Lincoln and Tad Statue
Located on the upper parcel of Historic Tredegar, this statue is titled, "To Bind up the Nation's Wounds." The sculpture by David Frech was inspired by a visit to Richmond by President Abraham Lincoln and his son Tad in 1865 to tour the Capitol of the Confederacy after it had been burned. This statue is located on the hill behind the American Civil War Museum at 480 Tredegar Street on downtown Richmond’s riverfront.
The 1865 Exhibit
Some of the most dramatic events in Richmond’s history occurred during three days in April 1865 when the city fell to the Union Army after four years of civil war. As the Union Army marched down Broad Street, the Confederate Army evacuated while enslaved Richmonders gained their freedom. These events are memorialized on a bridge overlooking the James River. Quotes, images and views of the remains of Civil War-era bridges bring back the extraordinary events of the war’s end. A series of markers are incorporated into the James River overlook on the northwest corner of Brown’s Island. The exhibit can be reached from Tredegar Street near South 5th Street.
The Mill Sculpture
“The Mill,” a sculpture by Richmond artist Brad Robinson, is located near the entrance to the T. Tyler Potterfield Memorial bridge toward the south side of Brown’s Island. Unveiled in 2012, it is intended to reflect the shimmering waters of the James River. It stands 16 feet tall and is made of brushed aluminum with bronze edging. The sculpture has a crescent-shaped bench around it, which creates a nice viewing spot.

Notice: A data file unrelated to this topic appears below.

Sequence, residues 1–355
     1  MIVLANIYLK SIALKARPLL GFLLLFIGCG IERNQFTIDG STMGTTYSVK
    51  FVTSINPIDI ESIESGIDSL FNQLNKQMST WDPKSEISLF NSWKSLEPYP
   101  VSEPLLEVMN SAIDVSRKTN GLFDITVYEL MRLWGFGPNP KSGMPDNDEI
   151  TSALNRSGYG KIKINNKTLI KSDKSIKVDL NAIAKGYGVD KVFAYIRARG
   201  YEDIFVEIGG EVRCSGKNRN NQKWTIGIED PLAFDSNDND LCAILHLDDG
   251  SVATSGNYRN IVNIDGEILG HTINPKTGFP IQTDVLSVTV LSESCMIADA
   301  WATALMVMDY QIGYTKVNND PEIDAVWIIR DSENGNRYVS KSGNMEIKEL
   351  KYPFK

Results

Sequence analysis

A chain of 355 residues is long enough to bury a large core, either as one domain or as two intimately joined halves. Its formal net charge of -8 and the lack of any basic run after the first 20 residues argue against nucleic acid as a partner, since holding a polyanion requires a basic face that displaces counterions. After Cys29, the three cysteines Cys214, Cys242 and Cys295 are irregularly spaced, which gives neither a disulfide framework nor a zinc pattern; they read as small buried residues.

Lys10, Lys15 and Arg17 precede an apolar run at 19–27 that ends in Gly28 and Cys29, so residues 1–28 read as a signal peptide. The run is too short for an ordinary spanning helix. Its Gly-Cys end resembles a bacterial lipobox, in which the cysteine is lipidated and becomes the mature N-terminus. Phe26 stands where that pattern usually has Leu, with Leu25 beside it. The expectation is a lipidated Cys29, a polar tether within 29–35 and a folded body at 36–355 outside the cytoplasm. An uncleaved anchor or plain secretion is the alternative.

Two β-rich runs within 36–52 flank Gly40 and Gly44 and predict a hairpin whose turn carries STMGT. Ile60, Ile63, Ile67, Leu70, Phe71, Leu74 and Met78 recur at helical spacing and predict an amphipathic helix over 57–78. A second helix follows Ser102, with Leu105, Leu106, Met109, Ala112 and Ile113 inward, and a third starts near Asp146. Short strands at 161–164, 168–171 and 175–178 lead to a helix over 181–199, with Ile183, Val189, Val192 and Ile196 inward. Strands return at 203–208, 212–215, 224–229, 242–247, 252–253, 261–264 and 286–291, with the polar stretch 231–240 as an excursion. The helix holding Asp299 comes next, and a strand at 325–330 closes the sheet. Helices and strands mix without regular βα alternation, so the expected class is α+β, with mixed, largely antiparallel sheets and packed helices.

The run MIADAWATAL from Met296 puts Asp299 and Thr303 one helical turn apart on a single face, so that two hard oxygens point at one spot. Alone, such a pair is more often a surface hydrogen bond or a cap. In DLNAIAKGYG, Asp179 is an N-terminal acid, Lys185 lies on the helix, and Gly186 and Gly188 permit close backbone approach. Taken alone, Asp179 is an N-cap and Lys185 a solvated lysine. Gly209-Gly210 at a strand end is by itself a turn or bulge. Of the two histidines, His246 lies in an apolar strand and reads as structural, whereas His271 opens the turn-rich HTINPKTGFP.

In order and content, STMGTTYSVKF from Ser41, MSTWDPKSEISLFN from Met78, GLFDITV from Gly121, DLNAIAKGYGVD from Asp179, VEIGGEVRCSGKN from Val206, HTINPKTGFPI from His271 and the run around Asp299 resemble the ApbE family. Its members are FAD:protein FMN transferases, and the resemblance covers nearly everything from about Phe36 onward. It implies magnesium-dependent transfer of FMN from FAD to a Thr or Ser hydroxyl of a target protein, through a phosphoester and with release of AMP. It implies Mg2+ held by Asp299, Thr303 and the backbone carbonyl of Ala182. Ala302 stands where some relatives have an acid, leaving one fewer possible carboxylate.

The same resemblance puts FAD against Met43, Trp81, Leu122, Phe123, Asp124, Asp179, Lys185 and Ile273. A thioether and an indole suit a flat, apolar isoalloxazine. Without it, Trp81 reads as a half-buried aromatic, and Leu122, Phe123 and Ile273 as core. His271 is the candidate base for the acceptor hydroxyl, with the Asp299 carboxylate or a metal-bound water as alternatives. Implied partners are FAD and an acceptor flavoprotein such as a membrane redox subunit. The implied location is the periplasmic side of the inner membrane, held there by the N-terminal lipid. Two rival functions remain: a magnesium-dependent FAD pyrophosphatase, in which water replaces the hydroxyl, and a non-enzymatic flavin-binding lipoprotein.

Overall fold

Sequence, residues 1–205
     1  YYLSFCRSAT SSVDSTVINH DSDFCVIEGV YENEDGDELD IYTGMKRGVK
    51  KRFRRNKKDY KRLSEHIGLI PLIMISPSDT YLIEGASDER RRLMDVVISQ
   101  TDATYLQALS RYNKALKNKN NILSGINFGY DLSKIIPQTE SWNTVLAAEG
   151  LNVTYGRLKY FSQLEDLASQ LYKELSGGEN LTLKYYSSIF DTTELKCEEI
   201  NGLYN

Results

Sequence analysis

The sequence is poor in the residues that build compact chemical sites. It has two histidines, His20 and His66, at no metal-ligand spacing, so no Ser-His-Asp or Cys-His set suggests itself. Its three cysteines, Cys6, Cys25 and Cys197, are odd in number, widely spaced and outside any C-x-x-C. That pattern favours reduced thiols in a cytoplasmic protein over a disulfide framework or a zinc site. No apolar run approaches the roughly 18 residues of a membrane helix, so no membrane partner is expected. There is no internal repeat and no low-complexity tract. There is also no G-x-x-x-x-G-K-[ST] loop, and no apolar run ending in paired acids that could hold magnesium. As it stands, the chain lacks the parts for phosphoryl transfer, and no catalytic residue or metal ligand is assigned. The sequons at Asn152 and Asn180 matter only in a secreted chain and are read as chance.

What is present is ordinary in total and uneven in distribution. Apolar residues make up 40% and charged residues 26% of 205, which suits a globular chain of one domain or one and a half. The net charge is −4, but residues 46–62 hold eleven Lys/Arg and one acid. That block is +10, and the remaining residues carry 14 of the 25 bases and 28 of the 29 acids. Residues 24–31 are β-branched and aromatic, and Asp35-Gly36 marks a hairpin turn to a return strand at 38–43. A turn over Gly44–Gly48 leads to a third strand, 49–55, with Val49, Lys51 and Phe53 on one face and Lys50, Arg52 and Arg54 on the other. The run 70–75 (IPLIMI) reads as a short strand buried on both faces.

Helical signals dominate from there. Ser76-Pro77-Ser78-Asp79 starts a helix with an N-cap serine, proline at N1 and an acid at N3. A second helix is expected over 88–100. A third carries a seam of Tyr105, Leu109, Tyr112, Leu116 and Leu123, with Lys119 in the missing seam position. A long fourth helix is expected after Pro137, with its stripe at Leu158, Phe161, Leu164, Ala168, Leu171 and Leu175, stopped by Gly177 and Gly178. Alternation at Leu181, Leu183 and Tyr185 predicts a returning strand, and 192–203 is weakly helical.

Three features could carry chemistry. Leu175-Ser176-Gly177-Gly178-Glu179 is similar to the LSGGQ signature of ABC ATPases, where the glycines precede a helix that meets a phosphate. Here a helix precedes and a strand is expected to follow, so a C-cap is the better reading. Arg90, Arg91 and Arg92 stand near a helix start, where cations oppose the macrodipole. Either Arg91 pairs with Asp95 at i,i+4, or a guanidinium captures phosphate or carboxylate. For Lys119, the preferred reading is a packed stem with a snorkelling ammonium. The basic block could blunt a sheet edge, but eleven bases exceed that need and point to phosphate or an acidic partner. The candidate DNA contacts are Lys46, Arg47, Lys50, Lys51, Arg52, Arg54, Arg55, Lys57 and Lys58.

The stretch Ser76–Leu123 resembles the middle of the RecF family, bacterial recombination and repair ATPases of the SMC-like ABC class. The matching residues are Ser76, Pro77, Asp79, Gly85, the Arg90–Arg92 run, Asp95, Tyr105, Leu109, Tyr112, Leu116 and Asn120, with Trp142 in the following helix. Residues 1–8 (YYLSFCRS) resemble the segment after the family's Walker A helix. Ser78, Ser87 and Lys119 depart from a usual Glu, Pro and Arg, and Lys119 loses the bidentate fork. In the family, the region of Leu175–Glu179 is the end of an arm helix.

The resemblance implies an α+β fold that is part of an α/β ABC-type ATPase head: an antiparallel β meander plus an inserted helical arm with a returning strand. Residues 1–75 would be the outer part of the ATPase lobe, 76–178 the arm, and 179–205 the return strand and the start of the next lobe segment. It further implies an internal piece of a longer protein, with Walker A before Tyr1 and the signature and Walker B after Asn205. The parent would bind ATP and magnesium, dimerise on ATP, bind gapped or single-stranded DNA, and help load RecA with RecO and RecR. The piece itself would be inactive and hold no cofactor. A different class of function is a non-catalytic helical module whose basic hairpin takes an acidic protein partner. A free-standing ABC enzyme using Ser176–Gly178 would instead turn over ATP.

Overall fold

The Headman Statue
The Headman Statue on Brown’s Island depicts a 19th century boatman — also known as a headman — and commemorates the early contributions of African Americans to commerce in Richmond. Boatmen were essential to Richmond’s canal system, which provided faster transport of raw materials and finished goods around the falls of the James River. The statue is 14 feet high with a 23-foot “sweep,” or oar, and it was designed and created by Paul DiPasquale. The bronze version of the statue was unveiled in November 1993.
Emancipation and Freedom Monument
The Virginia Dr. Martin Luther King, Jr. Memorial Commission dedicated and unveilled a new monument highlighting Virginia’s – and America’s – African American history on September 22, 2021 on Brown’s Island. The newly constructed Emancipation and Freedom Monument, was commissioned and designed by artist and sculptor, Thomas Jay Warren, of Oregon. It features two 12-foot bronze figures – a male and female holding an infant – representing those newly freed from slavery. A pedestal, which elevates the female figure, features images and contributions of ten Virginians whose efforts represent the sacrifices of those eager to gain freedom both before and after Emancipation: Richmonder Mary Elizabeth Bowser, William Harvey Carney, Gabriel, Dred Scott, Nat Turner, Rosa Dixon Bowser, John Mercer Langston, John Mitchell, Jr., Lucy Simms and Rev. Wyatt Tee Walker.